Battle of Vicksburg


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The Siege of Vicksburg

Vicksburg, SIEGE OF, a noteworthy military operation that began at the close of 1862 and ended early in July following. The Confederates had blockaded the Mississippi River by planting heavy batteries on bluffs at Vicksburg and Port Hudson. These formed connections between the Confederates on each side of that stream, and it was important to break those connections. To this end General Grant concentrated his forces near the Tallahatchee River, in northern Mississippi, where Generals Hovey and

Vicksburg Civil War


Washburne had been operating with troops which they had led from Helena, Ark. Grant had gathered a large quantity of supplies at Holley Springs, which, through carelessness or treachery, had fallen (Dec. 20, 1862) into the hands of Gen. Earl Van Dorn, and he was compelled to fall back to Grand Junction to save his army. Taking advantage of this movement, a large Confederate force under Lieut. Gen, J. C. Pemberton had been gathered at Vicksburg for the protection of that post. On the day when Grant's supplies were seized Gen. W. T. Sherman left Memphis with transports bearing guns to besiege Vicksburg. At Friar's Point they were joined by troops from Hatteras, and were met by Commodore Porter, whose fleet of gunboats was at the mouth of the Yazoo River, just above Vicksburg. The two commanders arranged a plan for attacking the city in the rear, and proceeded to attempt to execute it. The troops and boats went up the Yazoo to capture some batteries that blockaded the way, but were unsuccessful, and abandoned the project. Early in January Gen. J. A. McClernand arrived and, ranking Sherman, took the chief command, and went up the Arkansas River to attack Confederate posts. Meanwhile General Grant had arranged his army into four corps, and with it descended the river from Memphis to prosecute the siege of Vicksburg with vigor. He was soon convinced that it could not be taken by direct assault. He tried to perfect the canal begun by Williams, but failed. Then he sent a land and naval force up the Yazoo to gain the rear of Vicksburg, but was repulsed. Finally Grant sent a strong land force down the west side of the Mississippi, and Porter ran by the batteries at Vicksburg in the night (April 16, 1863) with nearly his whole fleet.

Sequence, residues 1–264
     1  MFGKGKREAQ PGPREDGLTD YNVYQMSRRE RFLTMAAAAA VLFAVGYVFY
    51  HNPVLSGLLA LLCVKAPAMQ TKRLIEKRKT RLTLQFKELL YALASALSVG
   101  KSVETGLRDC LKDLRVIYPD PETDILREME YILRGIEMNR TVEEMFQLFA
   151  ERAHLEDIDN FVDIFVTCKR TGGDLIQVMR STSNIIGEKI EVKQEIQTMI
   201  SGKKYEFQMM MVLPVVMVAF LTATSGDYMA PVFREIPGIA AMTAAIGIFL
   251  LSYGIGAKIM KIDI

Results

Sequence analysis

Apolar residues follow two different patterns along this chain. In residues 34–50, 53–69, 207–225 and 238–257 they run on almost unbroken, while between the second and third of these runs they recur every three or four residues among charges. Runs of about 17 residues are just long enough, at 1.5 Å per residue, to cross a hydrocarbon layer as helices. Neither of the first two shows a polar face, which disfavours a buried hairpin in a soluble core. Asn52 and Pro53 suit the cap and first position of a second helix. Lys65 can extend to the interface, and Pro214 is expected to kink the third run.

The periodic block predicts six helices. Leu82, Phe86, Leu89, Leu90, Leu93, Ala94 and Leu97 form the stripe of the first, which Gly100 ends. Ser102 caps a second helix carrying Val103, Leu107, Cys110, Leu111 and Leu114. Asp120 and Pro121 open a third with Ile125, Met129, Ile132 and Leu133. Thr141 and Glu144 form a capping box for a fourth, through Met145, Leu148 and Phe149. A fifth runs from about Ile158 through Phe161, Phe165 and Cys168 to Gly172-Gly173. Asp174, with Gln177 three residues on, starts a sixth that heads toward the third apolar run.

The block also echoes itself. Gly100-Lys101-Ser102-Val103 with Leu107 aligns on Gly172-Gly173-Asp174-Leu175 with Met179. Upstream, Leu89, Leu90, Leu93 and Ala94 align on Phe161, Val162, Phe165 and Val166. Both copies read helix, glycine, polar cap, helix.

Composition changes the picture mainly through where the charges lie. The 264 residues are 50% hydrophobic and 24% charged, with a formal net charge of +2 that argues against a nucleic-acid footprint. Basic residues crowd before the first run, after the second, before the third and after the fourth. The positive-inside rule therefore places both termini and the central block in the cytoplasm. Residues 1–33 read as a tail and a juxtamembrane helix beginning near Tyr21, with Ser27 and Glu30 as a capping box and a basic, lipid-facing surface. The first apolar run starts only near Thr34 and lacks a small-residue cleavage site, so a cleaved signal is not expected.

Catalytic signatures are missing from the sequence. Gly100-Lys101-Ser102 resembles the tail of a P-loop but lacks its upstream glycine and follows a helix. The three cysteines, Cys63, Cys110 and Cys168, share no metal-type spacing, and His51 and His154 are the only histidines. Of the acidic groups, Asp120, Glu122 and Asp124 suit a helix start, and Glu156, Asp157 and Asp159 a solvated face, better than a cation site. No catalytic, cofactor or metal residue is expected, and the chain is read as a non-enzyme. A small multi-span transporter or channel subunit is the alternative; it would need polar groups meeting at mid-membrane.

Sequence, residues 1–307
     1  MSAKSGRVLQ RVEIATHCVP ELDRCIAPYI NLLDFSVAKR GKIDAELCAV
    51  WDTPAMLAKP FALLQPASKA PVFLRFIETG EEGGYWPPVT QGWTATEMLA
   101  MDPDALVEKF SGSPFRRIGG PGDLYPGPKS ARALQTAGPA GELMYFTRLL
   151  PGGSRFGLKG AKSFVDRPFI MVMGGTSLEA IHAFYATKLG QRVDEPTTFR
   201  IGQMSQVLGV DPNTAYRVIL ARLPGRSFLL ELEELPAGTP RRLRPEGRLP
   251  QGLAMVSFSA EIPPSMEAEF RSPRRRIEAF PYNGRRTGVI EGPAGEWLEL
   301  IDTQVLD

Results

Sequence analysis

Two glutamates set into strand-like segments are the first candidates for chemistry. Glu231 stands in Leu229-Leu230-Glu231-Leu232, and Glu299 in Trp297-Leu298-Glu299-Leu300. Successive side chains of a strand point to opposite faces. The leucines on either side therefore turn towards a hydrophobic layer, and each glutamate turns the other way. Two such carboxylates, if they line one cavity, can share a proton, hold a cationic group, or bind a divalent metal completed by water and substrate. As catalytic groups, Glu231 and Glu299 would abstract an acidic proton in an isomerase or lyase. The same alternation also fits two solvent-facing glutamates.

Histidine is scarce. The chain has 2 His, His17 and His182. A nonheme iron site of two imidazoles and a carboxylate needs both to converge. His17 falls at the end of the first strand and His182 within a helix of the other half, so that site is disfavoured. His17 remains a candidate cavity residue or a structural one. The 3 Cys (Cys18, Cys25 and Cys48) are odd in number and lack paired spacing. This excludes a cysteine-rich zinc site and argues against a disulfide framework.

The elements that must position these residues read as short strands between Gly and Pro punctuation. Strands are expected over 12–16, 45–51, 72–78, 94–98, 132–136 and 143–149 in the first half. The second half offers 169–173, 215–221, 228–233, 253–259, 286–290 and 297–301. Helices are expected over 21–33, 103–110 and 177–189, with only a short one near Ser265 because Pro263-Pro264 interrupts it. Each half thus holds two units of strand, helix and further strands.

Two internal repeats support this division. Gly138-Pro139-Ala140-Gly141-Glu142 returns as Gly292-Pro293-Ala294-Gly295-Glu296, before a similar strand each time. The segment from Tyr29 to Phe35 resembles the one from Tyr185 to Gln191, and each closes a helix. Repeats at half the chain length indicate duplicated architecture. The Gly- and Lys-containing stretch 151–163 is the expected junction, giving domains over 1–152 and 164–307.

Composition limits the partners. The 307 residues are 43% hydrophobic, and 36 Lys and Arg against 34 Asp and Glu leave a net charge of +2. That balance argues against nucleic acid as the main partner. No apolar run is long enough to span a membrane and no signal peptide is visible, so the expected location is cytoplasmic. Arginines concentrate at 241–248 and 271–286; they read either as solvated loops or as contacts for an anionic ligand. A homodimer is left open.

Battle of Vicksburg


Then Grant prepared for vigorous operations in the rear of Vicksburg, on the line of the Black River. On April 27 Porter ran by the Confederate batteries at Grand Gulf, when Grant's army crossed a little below, gained a victory at Port Gibson, and calling Sherman down the west side of the Mississippi and across it to join him (May 8), the whole force pushed forward and captured Jackson, the capital of Mississippi. Then the victorious army turned westward towards Vicksburg, and, after two successful battles, swept on and closely invested the strongly fortified city in the rear (May 19), receiving their supplies from a base on the Yazoo established by Porter. For a fortnight the army had subsisted off the country through which it passed. After a brief rest Grant began the siege of Vicksburg. Sherman had taken possession of the Walnut Hills, near Chickasaw Bayou, cutting off a Confederate force at Haines's Bluff; while McClernand, advancing to the left, took position at Mount Albans, so as to cover the roads leading out of that city. Porter, with his fleet of gunboats, was lying in the Mississippi, above Vicksburg, and was preparing the way for a successful siege, which Grant began with Sherman on the right, McPherson in the centre, and McClernand on the left. Grant was holding a line about 20 miles in extent—from the Yazoo to the Mississippi at Warrenton. He prepared to storm the batteries on the day after the arrival of his troops before them. It was begun by Sherman's corps in the afternoon of May 19, Blair's division taking the lead. There had been artillery firing all the morning; now there was close work. The Nationals, after a severe struggle, were repulsed. Grant engaged Commodore Porter to assist in another assault on the 22d. All night of the 21st and 22d Porter kept six mortars playing upon the city and the works, and sent three gunboats to shell the water batteries. It was a fearful night for Vicksburg, but the next day was more fearful still. At 10 A.M. on the 22d Grant's whole line moved to the attack. As before, Blair led the van, and very soon there was a general battle. At two different points the right was repulsed. Finally McClernand, on the left, sent word that he held two captured forts. Then another charge upon the works by a part of Sherman's troops occurred, but without success. The centre, under McPherson, met with no better success, and, with heavy losses, McClernand could not hold all that he had won. Porter had joined in the fray; but this second assault was unsuccessful. The Nationals had lost about 3,000 men.